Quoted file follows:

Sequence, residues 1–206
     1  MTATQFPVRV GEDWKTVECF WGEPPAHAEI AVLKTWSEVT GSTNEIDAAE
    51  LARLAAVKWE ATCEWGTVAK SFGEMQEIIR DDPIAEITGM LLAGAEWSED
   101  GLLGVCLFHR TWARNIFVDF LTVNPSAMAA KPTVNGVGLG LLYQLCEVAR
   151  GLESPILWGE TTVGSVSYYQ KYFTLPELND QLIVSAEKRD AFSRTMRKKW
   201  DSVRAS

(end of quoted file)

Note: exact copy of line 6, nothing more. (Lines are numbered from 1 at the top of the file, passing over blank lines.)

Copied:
   201  DSVRAS